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Curr Pharm Des. 2016;22(25):3871-6.

Prognostic Significance of Asymptomatic Myocardial Ischemia in Women vs. Men.

Author information

1
Division of Cardiovascular Medicine, University of Florida College of Medicine, Gainesville, Florida, USA. Ki.park@medicine.ufl.edu.

Abstract

BACKGROUND:

Silent myocardial ischemia is a recognized but suboptimally studied condition in patients with and without known coronary artery disease. Limited work has focused on the association between silent myocardial ischemia and future prognosis however the majority of these analyses have focused mostly on male cohorts. As signs and symptoms of myocardial ischemia are known to be different in women, it is important to discuss and highlight any differences in association between silent myocardial ischemia and adverse cardiovascular outcomes based on gender.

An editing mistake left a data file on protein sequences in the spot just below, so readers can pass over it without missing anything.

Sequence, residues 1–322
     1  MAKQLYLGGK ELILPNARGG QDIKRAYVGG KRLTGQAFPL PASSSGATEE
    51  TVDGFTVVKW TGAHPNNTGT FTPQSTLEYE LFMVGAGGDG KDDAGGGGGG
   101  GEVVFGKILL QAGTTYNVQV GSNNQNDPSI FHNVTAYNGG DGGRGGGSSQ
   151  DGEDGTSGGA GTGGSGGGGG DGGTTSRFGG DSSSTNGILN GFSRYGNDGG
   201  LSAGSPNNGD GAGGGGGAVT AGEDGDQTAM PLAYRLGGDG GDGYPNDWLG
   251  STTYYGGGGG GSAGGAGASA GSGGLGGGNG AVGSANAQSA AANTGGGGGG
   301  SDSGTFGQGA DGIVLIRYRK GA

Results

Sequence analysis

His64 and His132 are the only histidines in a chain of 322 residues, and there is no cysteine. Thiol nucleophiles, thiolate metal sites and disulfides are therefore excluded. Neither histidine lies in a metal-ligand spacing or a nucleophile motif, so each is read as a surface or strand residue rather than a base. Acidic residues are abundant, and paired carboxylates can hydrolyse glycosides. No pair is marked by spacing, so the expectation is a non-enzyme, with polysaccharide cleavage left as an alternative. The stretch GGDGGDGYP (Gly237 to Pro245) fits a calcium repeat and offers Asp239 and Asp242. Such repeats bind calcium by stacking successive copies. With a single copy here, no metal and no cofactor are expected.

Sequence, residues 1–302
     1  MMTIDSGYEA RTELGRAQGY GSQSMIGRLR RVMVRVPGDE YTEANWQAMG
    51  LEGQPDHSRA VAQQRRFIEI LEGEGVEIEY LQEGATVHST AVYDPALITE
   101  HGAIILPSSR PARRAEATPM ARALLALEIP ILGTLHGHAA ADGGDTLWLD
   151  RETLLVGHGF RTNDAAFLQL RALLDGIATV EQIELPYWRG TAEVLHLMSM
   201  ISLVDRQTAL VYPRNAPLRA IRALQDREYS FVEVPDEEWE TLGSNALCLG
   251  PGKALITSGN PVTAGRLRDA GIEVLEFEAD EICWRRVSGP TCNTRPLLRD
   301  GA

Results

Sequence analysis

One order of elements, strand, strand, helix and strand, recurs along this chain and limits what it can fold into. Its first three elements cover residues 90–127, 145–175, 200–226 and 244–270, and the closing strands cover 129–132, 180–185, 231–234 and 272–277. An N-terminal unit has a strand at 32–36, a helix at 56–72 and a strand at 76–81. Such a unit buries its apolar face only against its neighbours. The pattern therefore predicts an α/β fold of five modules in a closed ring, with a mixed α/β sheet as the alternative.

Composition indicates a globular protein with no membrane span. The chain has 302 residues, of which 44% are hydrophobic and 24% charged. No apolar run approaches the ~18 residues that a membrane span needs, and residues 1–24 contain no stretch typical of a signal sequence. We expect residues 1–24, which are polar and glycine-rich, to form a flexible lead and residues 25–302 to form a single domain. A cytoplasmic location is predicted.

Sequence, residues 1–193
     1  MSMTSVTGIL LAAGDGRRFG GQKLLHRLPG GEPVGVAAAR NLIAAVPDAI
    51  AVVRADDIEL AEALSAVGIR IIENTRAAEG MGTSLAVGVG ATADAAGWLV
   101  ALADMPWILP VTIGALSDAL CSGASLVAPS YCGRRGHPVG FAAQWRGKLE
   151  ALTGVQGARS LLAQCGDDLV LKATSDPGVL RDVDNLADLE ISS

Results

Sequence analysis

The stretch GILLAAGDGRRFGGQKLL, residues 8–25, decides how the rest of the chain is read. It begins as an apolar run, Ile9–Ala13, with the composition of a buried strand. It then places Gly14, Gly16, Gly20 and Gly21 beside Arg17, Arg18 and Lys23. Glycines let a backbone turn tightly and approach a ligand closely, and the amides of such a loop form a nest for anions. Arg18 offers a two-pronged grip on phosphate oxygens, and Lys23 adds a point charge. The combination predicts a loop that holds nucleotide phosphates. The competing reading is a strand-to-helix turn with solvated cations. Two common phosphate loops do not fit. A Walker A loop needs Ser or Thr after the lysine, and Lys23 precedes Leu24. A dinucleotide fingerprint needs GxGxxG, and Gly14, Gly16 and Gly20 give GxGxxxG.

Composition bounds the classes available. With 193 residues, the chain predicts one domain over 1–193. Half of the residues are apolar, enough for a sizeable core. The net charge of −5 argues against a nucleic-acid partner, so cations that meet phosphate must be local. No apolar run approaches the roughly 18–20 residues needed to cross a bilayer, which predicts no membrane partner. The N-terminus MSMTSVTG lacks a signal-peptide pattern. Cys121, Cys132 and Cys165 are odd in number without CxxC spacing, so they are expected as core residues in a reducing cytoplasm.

METHODS:

The aim of this review is to summarize the current literature available discussing silent myocardial ischemia and potential gender differences. We searched English language studies on PUBMED and the Cochrane Database of Systematic Reviews from the database start dates to November 2015.

CONCLUSION:

As data on the presence of silent myocardial ischemia in women is limited, whether a differential association based on gender between this condition and cardiovascular prognosis remains unknown. Future studies should target women especially those without epicardial coronary disease and suspected coronary microvascular dysfunction.

PMID:
27150133
[Indexed for MEDLINE]

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